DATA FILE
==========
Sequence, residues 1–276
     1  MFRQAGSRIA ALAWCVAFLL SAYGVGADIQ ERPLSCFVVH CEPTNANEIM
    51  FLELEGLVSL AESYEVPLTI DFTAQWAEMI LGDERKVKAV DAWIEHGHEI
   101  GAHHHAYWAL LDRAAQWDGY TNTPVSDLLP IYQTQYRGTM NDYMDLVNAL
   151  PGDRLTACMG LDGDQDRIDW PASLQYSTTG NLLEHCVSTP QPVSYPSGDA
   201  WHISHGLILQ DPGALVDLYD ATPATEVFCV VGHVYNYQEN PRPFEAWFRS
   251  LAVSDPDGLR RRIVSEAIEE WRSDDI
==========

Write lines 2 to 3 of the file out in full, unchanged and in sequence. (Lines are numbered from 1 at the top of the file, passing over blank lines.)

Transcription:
     1  MFRQAGSRIA ALAWCVAFLL SAYGVGADIQ ERPLSCFVVH CEPTNANEIM
    51  FLELEGLVSL AESYEVPLTI DFTAQWAEMI LGDERKVKAV DAWIEHGHEI